Article: 'Uncertainty, politics, and technology: Expert perceptions on energy transitions in the United Kingdom'

Li, F.G.N. & Pye, S., 2018. Uncertainty, politics, and technology: Expert perceptions on energy transitions in the United Kingdom. Energy Research & Social Science, 37, pp.122–132. Available at:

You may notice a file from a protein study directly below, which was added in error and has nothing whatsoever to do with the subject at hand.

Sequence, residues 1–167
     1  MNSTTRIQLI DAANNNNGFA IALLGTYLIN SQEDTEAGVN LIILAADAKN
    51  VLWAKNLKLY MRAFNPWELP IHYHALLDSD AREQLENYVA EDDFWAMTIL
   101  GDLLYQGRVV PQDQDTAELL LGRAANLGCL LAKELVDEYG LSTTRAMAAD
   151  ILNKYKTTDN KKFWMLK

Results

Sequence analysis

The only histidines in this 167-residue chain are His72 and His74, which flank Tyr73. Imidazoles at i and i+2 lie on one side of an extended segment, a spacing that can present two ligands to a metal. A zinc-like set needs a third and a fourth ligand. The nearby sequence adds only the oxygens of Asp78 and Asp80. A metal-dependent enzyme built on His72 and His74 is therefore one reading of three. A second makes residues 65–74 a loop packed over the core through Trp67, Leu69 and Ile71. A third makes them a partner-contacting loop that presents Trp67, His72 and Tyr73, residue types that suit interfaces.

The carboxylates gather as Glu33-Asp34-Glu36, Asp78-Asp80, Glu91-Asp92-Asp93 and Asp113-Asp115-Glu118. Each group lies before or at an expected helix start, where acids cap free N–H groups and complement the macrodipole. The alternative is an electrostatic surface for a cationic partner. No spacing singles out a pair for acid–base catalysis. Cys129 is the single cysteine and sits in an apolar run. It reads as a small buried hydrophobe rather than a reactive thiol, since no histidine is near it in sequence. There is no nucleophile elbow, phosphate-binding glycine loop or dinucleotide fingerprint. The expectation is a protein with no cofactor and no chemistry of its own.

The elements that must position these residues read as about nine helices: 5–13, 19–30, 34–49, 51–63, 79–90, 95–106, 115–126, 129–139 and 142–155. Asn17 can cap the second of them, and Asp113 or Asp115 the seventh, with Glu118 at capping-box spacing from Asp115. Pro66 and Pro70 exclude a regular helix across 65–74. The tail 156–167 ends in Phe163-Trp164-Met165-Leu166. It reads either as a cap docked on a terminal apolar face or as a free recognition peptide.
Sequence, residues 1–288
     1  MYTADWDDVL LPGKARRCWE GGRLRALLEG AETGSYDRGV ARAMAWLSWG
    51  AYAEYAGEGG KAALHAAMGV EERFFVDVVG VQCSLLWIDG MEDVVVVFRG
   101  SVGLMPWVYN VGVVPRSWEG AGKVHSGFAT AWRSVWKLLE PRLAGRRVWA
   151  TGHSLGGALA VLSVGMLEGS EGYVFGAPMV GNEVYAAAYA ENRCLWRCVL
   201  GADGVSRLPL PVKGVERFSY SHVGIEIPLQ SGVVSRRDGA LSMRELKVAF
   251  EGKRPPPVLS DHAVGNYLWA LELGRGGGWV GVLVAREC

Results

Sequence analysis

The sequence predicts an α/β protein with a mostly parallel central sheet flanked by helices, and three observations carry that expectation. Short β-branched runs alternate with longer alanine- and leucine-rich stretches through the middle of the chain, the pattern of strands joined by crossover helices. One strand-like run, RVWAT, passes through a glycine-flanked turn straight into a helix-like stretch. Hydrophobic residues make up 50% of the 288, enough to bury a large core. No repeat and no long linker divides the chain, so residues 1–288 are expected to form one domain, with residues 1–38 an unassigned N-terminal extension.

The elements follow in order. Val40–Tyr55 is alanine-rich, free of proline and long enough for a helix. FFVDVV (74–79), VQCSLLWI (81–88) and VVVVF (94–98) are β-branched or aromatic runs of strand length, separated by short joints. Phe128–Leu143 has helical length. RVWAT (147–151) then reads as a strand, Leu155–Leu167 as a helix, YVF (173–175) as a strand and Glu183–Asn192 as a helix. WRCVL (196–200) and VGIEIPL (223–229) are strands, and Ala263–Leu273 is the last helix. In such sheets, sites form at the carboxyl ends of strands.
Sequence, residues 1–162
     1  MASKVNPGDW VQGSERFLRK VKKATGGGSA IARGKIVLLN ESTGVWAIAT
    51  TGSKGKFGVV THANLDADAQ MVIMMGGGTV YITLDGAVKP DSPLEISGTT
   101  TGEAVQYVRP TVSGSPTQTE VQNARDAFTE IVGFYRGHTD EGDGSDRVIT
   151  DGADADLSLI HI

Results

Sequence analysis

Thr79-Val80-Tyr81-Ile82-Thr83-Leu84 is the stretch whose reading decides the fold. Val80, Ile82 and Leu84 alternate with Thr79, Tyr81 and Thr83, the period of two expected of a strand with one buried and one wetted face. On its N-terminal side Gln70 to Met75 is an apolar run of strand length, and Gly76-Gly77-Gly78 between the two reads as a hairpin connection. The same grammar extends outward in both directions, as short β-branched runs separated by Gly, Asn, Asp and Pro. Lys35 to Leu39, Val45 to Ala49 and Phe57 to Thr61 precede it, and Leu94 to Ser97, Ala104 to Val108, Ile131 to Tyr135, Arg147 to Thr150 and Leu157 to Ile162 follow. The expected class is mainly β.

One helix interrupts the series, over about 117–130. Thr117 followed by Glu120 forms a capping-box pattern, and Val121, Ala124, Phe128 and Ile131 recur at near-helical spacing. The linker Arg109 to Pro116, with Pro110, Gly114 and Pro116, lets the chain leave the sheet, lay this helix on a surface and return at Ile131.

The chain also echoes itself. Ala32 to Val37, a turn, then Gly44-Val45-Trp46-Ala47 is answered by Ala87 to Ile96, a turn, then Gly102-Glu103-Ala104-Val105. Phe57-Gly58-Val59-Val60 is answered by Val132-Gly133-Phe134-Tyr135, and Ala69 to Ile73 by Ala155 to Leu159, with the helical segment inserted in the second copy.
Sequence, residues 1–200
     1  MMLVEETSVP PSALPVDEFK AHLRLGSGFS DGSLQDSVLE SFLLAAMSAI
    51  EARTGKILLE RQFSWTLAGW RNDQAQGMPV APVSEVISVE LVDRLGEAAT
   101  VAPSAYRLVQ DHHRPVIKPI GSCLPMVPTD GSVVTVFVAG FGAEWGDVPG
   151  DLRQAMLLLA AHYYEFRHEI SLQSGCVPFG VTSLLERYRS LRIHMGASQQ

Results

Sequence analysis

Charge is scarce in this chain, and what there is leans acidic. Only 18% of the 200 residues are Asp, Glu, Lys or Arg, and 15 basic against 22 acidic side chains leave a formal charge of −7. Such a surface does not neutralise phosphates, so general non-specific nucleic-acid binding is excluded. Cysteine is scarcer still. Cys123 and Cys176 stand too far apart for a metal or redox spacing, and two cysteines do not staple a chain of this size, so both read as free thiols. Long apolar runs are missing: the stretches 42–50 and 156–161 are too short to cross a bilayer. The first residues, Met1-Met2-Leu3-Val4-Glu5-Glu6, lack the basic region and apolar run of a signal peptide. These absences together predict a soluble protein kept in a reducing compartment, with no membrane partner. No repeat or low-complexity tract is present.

Energy policy is beset by deep uncertainties, owing to the scale of future transitions, the long-term timescales for action, and numerous stakeholders. This paper provides insights from semi-structured interviews with 31 UK experts from government, industry, academia, and civil society. Participants were asked for their views on the major uncertainties surrounding the ability of the UK to meet its 2050 climate targets. The research reveals a range of views on the most critical uncertainties, how they can be mitigated, and how the research community can develop approaches to better support strategic decision-making. The study finds that the socio-political dimensions of uncertainty are discussed by experts almost as frequently as technological ones, but that there exist divergent perspectives on the role of government in the transition and whether or not there is a requirement for increased societal engagement. Finally, the study finds that decision-makers require a new approach to uncertainty assessment that overcomes analytical limits to existing practice, is more flexible and adaptable, and which better integrates qualitative narratives with quantitative analysis. Policy design must escape from ‘caged’ thinking concerning what can or cannot be included in models, and therefore what types of uncertainties can or cannot be explored.

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